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Approaching public sector transparency through an integrated reporting benchmark

Approaching public sector transparency through an integrated reporting benchmark PurposeThis paper aims to investigate whether the key items encompassed in the new reporting trends are addressed in the current reporting set and, also, whether there are certain patterns regarding disclosure practices across a sample of reporting entities.Design/methodology/approachThe research methodology takes into consideration both the financial and non-financial elements from the entities’ activities and embeds them in the analysis, in a more holistic frame offered by integrated reporting. The disclosure level is investigated using the six-tier capital model from the International Integrated Reporting Council Framework and the eight major principles from GRI guidelines. Furthermore, the cluster analysis is used to identify the disclosure practices patterns within some European Union local public administrations.FindingsThe level of disclosure within the analyzed entities is relatively high. Also, the results of the cluster analysis reveal some disclosure patterns, especially regarding the Anglo-Saxon and Northern local public administrations, the municipalities with the highest degree of disclosure of the sample.Research limitations/implicationsThe most significant limitations are represented by the sample of municipalities, the language filter and the fact that only one-year data were considered for analysis.Practical implicationsThe study can be useful to any other institutions under the dome of the public sector, willing to enhance public accountability throughout greater transparency. Also, it might help the public managers to outline a long-term development plan about how to create value and to whom, material issues, risks and strategy through the integrated reporting, a cornerstone for future changes. Moreover, it might also be a subject of interest in the research environment, offering new opportunities for further empirical studies, by applying and testing it in other public organizations.Originality/valueThe study provides an original assessment tool useful to improving the reporting process. Also, it can be useful to other public institutions that are willing to enhance public accountability throughout greater transparency. http://www.deepdyve.com/assets/images/DeepDyve-Logo-lg.png Journal of Financial Reporting and Accounting Emerald Publishing

Approaching public sector transparency through an integrated reporting benchmark

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Publisher
Emerald Publishing
Copyright
Copyright © Emerald Group Publishing Limited
ISSN
1985-2517
DOI
10.1108/JFRA-06-2017-0048
Publisher site
See Article on Publisher Site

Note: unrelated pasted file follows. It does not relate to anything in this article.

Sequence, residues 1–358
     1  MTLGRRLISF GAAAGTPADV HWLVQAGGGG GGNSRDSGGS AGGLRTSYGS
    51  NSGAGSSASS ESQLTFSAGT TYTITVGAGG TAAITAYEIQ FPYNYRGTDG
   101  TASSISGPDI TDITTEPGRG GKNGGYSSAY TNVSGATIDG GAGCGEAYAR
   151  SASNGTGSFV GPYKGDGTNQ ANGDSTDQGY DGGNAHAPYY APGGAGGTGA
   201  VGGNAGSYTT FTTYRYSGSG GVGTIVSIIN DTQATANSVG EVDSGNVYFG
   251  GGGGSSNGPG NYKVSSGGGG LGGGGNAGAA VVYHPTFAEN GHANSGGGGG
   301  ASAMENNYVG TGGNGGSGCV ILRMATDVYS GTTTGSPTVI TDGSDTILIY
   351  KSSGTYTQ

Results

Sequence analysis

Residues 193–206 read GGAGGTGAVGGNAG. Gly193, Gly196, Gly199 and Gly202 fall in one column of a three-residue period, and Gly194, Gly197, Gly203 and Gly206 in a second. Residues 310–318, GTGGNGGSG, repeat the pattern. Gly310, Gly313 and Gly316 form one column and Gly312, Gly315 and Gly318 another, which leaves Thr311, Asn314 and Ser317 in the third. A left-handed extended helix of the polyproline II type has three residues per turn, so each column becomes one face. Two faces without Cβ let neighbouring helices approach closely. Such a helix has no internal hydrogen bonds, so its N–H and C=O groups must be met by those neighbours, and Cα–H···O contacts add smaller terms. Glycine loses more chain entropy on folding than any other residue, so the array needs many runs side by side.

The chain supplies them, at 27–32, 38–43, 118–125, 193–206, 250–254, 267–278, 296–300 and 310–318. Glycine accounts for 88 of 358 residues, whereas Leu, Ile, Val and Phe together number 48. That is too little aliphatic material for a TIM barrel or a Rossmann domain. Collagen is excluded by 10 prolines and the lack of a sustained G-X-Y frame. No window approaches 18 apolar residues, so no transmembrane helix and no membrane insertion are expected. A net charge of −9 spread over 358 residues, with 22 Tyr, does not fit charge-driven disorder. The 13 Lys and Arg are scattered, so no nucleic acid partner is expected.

Abstract

PurposeThis paper aims to investigate whether the key items encompassed in the new reporting trends are addressed in the current reporting set and, also, whether there are certain patterns regarding disclosure practices across a sample of reporting entities.Design/methodology/approachThe research methodology takes into consideration both the financial and non-financial elements from the entities’ activities and embeds them in the analysis, in a more holistic frame offered by integrated reporting. The disclosure level is investigated using the six-tier capital model from the International Integrated Reporting Council Framework and the eight major principles from GRI guidelines. Furthermore, the cluster analysis is used to identify the disclosure practices patterns within some European Union local public administrations.FindingsThe level of disclosure within the analyzed entities is relatively high. Also, the results of the cluster analysis reveal some disclosure patterns, especially regarding the Anglo-Saxon and Northern local public administrations, the municipalities with the highest degree of disclosure of the sample.Research limitations/implicationsThe most significant limitations are represented by the sample of municipalities, the language filter and the fact that only one-year data were considered for analysis.Practical implicationsThe study can be useful to any other institutions under the dome of the public sector, willing to enhance public accountability throughout greater transparency. Also, it might help the public managers to outline a long-term development plan about how to create value and to whom, material issues, risks and strategy through the integrated reporting, a cornerstone for future changes. Moreover, it might also be a subject of interest in the research environment, offering new opportunities for further empirical studies, by applying and testing it in other public organizations.Originality/valueThe study provides an original assessment tool useful to improving the reporting process. Also, it can be useful to other public institutions that are willing to enhance public accountability throughout greater transparency.

Journal

Journal of Financial Reporting and AccountingEmerald Publishing

Published: Jun 24, 2019

References